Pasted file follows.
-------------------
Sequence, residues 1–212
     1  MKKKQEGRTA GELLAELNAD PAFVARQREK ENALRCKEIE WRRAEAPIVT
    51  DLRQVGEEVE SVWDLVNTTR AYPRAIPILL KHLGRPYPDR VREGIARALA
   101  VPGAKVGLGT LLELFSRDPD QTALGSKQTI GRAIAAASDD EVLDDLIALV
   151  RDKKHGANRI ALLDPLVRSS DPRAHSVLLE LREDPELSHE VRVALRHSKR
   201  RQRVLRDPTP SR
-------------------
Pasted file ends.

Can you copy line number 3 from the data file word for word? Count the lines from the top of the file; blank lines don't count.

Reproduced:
    51  DLRQVGEEVE SVWDLVNTTR AYPRAIPILL KHLGRPYPDR VREGIARALA